There is quite a bit of bare soil, now that the onions, shallots and potatoes have been harvested, and recent weather conditions have not been conducive to sowing any seeds to fill the gaps. In fact most of my Winter crops are already in. I have two rows each of 24 Leeks, a row of Parsnips, seven Brussels Sprout plants and several cabbages.
|Leeks next to Beetroot|
|Most of the Leeks are this size|
|Brussels Sprout plants|
|Little sprouts forming|
The cabbages are mostly under netting, as seen here, although the "January King" ones (left of photo) will soon be too big for this arrangement.
I do still have one cauliflower, but it is the world's weirdest one - it looks more like White Sprouting Broccoli.
I have recently seen stuff like this being sold in one of our local supermarkets, labelled "White Sprouting Broccoli", but I'm convinced it's just bolted cauliflowers!
As I reported a few days ago, I have harvested my shelling beans, and now I have also taken down the wigwam of canes that used to support them, since this will allow just a little extra light to reach the Brussels Sprouts. You can see the wigwam in my next photo (at the left), with the sprouts behind it, but if you scroll back to the first photo of this post, you see that it has gone.
|In the foreground are Parsnips, Beetroot and Leeks|
My Beetroot won't last into the Winter at the rate we're consuming them. Now that they are being thinned in this way, the remainder have finally got enough room to swell up more, like these ones:
The "Pumpkin Patch" is definitely looking a bit tired now. The first thing I notice whenever I arrive at the plot is how droopy the leaves of the squash plants are!
Fortunately, once the plants get a drink they perk up pretty rapidly, often within minutes. The fruits are still looking fine, although not yet ripe. I have been getting advice from various Twitter friends on how to tell when a squash is ripe, so I'm confident that my ones have some way to go yet - particularly the Butternuts, whose skins are still fairly pale and soft. One test of ripeness that I have learned is to try pushing a thumbnail into the skin of the squash. If you can penetrate the skin easily, the squash is not ripe. The skin should be hard and rigid. I'm expecting my squashes to be ready by mid to late September, and since at present there are 11 respectable fruits they should keep us supplied for many weeks thereafter.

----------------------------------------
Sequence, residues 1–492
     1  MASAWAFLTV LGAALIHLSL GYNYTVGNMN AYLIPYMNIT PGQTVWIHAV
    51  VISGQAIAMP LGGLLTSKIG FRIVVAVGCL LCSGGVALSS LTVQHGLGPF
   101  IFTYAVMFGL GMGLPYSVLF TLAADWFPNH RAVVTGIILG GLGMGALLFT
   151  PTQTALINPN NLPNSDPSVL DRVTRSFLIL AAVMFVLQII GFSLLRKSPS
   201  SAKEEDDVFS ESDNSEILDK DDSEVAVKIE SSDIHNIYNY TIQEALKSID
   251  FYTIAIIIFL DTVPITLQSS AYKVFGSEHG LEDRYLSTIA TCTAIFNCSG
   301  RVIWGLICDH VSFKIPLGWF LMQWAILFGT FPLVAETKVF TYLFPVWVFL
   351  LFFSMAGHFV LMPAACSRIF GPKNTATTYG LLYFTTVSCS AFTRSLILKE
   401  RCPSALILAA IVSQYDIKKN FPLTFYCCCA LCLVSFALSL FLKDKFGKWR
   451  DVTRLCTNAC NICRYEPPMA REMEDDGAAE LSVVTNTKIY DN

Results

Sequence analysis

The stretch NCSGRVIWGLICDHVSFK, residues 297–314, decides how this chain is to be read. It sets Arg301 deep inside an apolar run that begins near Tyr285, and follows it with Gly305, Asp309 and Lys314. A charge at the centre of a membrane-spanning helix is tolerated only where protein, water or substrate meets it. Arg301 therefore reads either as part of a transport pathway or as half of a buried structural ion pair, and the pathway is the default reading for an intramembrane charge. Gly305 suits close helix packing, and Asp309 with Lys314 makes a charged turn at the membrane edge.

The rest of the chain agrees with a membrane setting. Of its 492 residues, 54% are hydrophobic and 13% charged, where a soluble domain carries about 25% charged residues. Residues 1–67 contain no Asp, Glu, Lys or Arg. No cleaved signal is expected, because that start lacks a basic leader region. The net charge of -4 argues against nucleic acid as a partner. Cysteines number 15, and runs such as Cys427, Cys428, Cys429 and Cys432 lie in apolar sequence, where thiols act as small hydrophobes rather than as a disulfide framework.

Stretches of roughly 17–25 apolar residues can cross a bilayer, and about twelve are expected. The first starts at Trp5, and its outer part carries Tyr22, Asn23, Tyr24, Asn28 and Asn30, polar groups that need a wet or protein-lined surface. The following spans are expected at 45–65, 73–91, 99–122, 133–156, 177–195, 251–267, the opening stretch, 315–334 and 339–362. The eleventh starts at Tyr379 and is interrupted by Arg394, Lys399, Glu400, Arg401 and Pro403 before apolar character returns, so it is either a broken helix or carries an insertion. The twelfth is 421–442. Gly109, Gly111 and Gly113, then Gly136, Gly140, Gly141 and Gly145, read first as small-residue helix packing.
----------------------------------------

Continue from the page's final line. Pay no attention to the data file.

|Butternut Squash "Sweetmax"|
The three tomato plants that are in amongst the squashes have some fruits on them too, though not as many nor as big as their siblings growing in containers in my own garden. Like everything else at the plot, they have had to make do with less-than-ideal amounts of water.
The single "Mountain Magic" tomato plant that ended up in amongst the Dwarf beans and New Zealand Spinach also seems to have done well enough. It has set a lot of fruits, but again they are smaller than those on the one I have in my home garden. I didn't pinch out or tie-in the sideshoots of this plant so they have grown tall and flopped over. Lying on the ground like this their fruit will be very vulnerable to slug attack, something I shall have to be wary of, given the recent rain.
|Tomato "Mountain Magic"|
|Tomato "Mountain Magic"|
I'm not yet saying that Autumn is here, but my plot has a definite end of season look to it. However, we have had a bit of rain over the last few days (at last), so maybe things will perk up a bit.